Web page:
Perhaps these are the things that run through My Lawyer’s head as he leaves. I, however, don’t have time to dwell, because I am about to embark on two moves at once: our stuff to Amsterdam, and the kids and I to my mum’s for our last couple of months of school here in London. One thing is certain: we still have too much stuff.
My friend Faye has undertaken two moves in two years, and has re-written the rules of KonMari in a way that can only help:
- Throw away everything that does not bring you joy.
- Throw away everything that does bring you joy.
Going through every single item in the house carries with it, surely, an inevitability of emotional reaction, but I have less than two weeks to completely clear the house ready for tenants. A big lorry is arriving in a week to drive our belongings to Amsterdam. I steel myself for sadness, but not a flutter arises as I throw away bag after bag of paraphernalia of our family life, including photos never framed, children’s faded drawings, certificates from school. I downsize our cuddly toy collection by half, ignoring Marie Kondo’s recommendation to cover the eyes of the toys as I do so, such is my steely determination. I throw away the last slice of our wedding cake, stale and hard. It falls to the base of the bin with a hard clink. I rediscover a short note that my mum wrote to me, on my return to London to have a baby, having said a final goodbye to my father. I burn the note in the fireplace, and await a tsunami of grief. It does not come.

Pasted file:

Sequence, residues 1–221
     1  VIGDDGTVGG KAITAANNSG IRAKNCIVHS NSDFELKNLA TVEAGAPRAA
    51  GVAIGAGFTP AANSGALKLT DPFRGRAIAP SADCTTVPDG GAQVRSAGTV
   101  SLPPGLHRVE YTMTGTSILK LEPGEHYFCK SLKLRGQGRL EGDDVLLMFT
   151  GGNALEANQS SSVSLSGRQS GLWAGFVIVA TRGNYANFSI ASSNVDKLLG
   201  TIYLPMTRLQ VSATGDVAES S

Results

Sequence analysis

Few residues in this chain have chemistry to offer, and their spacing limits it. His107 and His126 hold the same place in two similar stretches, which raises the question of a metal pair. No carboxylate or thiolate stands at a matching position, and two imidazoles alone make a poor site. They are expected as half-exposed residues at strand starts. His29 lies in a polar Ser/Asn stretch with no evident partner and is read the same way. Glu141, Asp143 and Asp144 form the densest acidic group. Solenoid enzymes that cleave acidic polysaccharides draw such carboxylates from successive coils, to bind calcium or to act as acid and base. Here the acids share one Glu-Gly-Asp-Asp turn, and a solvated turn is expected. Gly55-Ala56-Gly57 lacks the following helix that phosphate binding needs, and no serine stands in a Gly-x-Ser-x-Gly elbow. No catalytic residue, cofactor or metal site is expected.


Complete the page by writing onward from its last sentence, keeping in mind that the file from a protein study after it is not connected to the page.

I do keep some unnecessary items. An angler fish costume I made for the seven year old’s class assembly two years ago. It took two weeks to make, and he wore it for ten minutes. The seven year old rediscovers it as I put it aside and wears it for a whole weekend. I hold on to too many books, because you are what you read. You can survey a person’s bookcase and very quickly ascertain whether or not you’ll be friends. I get rid of all the baby books apart from What Mothers Do, which kept me company in those isolating early months of parenthood, reassuring me that even when it looks like I’m doing nothing, I’m still mothering. It is a mantra I have, on occasion, taken perhaps rather too literally. But it has kept me moderately sane.
I keep our children’s lost teeth; partly because I have read something about them being valuable for stem cells should our children become sick, and partly because the thought of My Lawyer in Amsterdam opening a small, unlabelled box of children’s teeth is too tempting to resist.